Carillion’s former finance boss is recognised for his judicious timing, while Willmott Dixon’s snapper captures just the right moment (smile!) – though the Royal Academy opens perhaps just a little too early
It wasn’t me
I was struck by the tone Carillion’s former finance director Richard Adam took in the wake of last week’s parliamentary report into the firm’s collapse. He felt it necessary – just for the record – to point out he had left it “over a year before Carillion went into insolvency” in December 2016. Seven months later the firm made a writedown of £845m – so around £140m a month between January last year and 10 July, the day of the writedown. Just for the record, the MPs’ report said about Adam: “His voluntary departure at the end of 2016 and subsequent sale of all his shares were the actions of a man who knew where the company was heading.”
A colleague of mine was chatting to Bam’s UK chief executive James Wimpenny recently. Talk inevitably turned to what went wrong at Carillion – especially pertinent given that Bam has taken over a number of its jobs in London, Birmingham and Manchester. “You have to avoid the contracts where you’re taking on too much risk,” said Wimpenny. “We call them the bleeders.” Graphic for sure but an image strong enough that even Carillion directors might be able to recognise it.
A pal works for a large civil engineering contractor, which at the end of every month has a man trundle a cart around its head office handing out that month’s pay slips. I wonder if the directors have read Mark Farmer’s report on the industry published 18 months ago, which was titled Modernise or Die?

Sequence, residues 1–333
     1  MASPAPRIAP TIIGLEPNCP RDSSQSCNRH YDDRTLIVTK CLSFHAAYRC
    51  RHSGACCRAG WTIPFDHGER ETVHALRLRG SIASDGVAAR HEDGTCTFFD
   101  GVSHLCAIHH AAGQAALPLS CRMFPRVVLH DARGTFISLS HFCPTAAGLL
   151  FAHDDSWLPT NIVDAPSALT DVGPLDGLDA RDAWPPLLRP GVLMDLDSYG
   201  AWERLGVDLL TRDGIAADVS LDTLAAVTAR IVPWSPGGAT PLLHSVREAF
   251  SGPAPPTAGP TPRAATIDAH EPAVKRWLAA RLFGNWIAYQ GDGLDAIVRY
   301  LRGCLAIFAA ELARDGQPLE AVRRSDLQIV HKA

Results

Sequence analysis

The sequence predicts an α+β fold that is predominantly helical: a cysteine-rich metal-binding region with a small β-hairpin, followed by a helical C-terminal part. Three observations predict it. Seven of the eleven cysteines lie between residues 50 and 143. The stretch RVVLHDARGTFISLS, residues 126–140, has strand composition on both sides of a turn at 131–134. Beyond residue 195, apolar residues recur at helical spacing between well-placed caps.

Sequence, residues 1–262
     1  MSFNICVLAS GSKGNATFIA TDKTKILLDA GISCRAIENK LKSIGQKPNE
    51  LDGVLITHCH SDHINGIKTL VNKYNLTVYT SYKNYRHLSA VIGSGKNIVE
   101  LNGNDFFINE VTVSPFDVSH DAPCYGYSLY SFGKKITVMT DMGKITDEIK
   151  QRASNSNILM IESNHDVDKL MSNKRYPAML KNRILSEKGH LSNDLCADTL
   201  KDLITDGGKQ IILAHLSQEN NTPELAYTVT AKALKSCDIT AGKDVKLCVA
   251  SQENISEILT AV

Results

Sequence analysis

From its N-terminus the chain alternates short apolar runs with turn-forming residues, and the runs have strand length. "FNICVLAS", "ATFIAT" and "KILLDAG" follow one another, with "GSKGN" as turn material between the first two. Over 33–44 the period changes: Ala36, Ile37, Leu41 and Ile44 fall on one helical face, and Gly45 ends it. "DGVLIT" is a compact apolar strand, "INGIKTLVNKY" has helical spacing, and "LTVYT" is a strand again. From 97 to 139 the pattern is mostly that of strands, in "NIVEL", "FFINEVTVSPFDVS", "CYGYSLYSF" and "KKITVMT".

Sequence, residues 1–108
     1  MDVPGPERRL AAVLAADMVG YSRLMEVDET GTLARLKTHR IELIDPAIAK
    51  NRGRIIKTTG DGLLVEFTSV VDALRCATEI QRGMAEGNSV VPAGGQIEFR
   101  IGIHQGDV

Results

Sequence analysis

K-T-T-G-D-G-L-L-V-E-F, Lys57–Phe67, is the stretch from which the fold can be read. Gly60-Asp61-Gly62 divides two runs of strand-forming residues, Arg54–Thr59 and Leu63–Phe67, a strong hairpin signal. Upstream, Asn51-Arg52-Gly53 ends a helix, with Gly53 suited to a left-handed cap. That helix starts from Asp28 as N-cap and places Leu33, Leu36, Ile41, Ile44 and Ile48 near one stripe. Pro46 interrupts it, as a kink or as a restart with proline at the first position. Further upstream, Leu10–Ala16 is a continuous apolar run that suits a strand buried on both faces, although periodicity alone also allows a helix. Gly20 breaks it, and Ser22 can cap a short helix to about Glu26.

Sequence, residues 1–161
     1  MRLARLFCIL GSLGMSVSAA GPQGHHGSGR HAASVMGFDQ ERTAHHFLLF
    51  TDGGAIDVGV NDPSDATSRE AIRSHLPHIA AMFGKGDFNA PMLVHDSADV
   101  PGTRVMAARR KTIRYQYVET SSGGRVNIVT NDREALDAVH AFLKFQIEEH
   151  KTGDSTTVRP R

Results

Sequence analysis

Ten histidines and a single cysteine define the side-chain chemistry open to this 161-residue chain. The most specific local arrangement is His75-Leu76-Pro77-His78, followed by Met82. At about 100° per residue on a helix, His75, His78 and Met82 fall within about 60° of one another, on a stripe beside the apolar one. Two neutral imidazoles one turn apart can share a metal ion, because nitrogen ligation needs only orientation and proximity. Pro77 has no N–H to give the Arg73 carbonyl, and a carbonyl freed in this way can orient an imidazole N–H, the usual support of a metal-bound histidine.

Is there a British & Irish Lions rugby tour to Australia this year? I ask because Laing O’Rourke, chaired by well-known rugby fan Ray O’Rourke, is hoping to raise £160,000 for mental health charity Mind and health charity the British Heart Foundation by getting 1,400 of its staff to collectively cycle the equivalent of 21,000 miles, which just happens to be the distance between its HQ in Dartford and offices in Sydney. The firm is hoping its suppliers and clients can chip in with some miles as well. A good cause, so allez, allez, I say.
Top of the tree
A London law firm with a considerable construction business has recently been doling out internal awards. You know, those unsung hero gongs that firms are fond of. I hear that one recipient has the surname Bird and the email citation sent out to staff announcing the prize, said the recipient was “happy, positive and unflappable”. Cheep, cheep.
A visit to the opening of the spruced-up Royal Academy of Arts in London’s Piccadilly found one of my hacks scratching his head, wondering if the academicians’ hideout was quite ready for the public. There was much evidence of the David Chipperfield refurb undergoing “finishing touches”, ahem. The new Poster Bar looked terrific – inviting even were it not for the total lack of food or drink. Ditto the Senate Room, which apparently opens in “late May”. Some of the rooms were closed – always disappointing for an opening – but a peek into the locked lecture room revealed a PowerPoint slide (apparently on display in error) of professional and consulting fees – originally reckoned at £8.7m but jumping to £10.6m in the latest estimate, a 22% increase. No reason for the price hike was apparent from the slide but clearly the client couldn’t be accused of reckless spending on the opening.
A royal opportunity
It can’t have escaped any good construction professional’s notice last Saturday that Prince Harry and new wife Meghan Markle rode past a Willmott Dixon site on their way back from the church in Windsor. The Willmott Dixon press team saw the potential and positioned a snapper for when the new Duke and Duchess of Sussex drove by in an open-top carriage, proving there was absolutely nobody in Windsor who wasn’t on the lookout for a Royal Wedding angle.
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